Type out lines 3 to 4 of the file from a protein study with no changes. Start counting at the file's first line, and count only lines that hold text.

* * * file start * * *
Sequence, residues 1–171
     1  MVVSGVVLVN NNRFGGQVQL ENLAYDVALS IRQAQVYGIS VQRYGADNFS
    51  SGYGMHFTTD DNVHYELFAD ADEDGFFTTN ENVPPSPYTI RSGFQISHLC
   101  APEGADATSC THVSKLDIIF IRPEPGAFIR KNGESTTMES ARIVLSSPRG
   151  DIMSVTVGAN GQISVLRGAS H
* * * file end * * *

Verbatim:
    51  SGYGMHFTTD DNVHYELFAD ADEDGFFTTN ENVPPSPYTI RSGFQISHLC
   101  APEGADATSC THVSKLDIIF IRPEPGAFIR KNGESTTMES ARIVLSSPRG